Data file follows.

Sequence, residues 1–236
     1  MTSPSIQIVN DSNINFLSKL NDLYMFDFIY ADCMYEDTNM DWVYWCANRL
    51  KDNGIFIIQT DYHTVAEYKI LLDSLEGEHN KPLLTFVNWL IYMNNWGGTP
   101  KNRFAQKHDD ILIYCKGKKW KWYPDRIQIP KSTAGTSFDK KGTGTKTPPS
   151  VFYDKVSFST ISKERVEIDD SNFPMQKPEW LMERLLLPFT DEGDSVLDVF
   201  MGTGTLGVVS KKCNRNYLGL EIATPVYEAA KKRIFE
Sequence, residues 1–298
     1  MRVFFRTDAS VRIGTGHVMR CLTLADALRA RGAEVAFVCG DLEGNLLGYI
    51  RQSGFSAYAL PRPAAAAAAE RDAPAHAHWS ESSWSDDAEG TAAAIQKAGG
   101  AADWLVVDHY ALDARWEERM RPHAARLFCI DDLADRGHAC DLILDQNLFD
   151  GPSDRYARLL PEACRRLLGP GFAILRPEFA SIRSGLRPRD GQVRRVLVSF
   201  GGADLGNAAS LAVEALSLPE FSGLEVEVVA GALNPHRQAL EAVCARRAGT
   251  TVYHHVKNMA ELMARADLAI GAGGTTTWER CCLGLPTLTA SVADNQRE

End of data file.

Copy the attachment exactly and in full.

Sequence, residues 1–236
     1  MTSPSIQIVN DSNINFLSKL NDLYMFDFIY ADCMYEDTNM DWVYWCANRL
    51  KDNGIFIIQT DYHTVAEYKI LLDSLEGEHN KPLLTFVNWL IYMNNWGGTP
   101  KNRFAQKHDD ILIYCKGKKW KWYPDRIQIP KSTAGTSFDK KGTGTKTPPS
   151  VFYDKVSFST ISKERVEIDD SNFPMQKPEW LMERLLLPFT DEGDSVLDVF
   201  MGTGTLGVVS KKCNRNYLGL EIATPVYEAA KKRIFE
Sequence, residues 1–298
     1  MRVFFRTDAS VRIGTGHVMR CLTLADALRA RGAEVAFVCG DLEGNLLGYI
    51  RQSGFSAYAL PRPAAAAAAE RDAPAHAHWS ESSWSDDAEG TAAAIQKAGG
   101  AADWLVVDHY ALDARWEERM RPHAARLFCI DDLADRGHAC DLILDQNLFD
   151  GPSDRYARLL PEACRRLLGP GFAILRPEFA SIRSGLRPRD GQVRRVLVSF
   201  GGADLGNAAS LAVEALSLPE FSGLEVEVVA GALNPHRQAL EAVCARRAGT
   251  TVYHHVKNMA ELMARADLAI GAGGTTTWER CCLGLPTLTA SVADNQRE